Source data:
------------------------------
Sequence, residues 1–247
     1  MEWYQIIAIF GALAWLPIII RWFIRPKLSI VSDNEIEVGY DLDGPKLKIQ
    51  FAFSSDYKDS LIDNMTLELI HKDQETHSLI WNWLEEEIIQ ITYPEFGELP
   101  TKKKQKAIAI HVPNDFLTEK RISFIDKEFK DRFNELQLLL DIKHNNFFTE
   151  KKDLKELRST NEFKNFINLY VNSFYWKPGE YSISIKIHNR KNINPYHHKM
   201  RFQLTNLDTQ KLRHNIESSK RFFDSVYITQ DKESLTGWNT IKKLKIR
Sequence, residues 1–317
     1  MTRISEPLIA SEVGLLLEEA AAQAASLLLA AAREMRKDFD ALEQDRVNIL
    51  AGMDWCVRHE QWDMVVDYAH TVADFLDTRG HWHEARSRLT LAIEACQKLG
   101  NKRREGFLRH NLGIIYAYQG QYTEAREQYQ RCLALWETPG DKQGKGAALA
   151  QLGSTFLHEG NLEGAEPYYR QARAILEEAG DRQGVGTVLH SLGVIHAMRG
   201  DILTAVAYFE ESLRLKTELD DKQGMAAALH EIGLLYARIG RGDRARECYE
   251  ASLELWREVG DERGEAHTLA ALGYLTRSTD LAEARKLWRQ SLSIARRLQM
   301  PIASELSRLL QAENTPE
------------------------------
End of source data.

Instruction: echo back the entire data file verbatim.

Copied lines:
Sequence, residues 1–247
     1  MEWYQIIAIF GALAWLPIII RWFIRPKLSI VSDNEIEVGY DLDGPKLKIQ
    51  FAFSSDYKDS LIDNMTLELI HKDQETHSLI WNWLEEEIIQ ITYPEFGELP
   101  TKKKQKAIAI HVPNDFLTEK RISFIDKEFK DRFNELQLLL DIKHNNFFTE
   151  KKDLKELRST NEFKNFINLY VNSFYWKPGE YSISIKIHNR KNINPYHHKM
   201  RFQLTNLDTQ KLRHNIESSK RFFDSVYITQ DKESLTGWNT IKKLKIR
Sequence, residues 1–317
     1  MTRISEPLIA SEVGLLLEEA AAQAASLLLA AAREMRKDFD ALEQDRVNIL
    51  AGMDWCVRHE QWDMVVDYAH TVADFLDTRG HWHEARSRLT LAIEACQKLG
   101  NKRREGFLRH NLGIIYAYQG QYTEAREQYQ RCLALWETPG DKQGKGAALA
   151  QLGSTFLHEG NLEGAEPYYR QARAILEEAG DRQGVGTVLH SLGVIHAMRG
   201  DILTAVAYFE ESLRLKTELD DKQGMAAALH EIGLLYARIG RGDRARECYE
   251  ASLELWREVG DERGEAHTLA ALGYLTRSTD LAEARKLWRQ SLSIARRLQM
   301  PIASELSRLL QAENTPE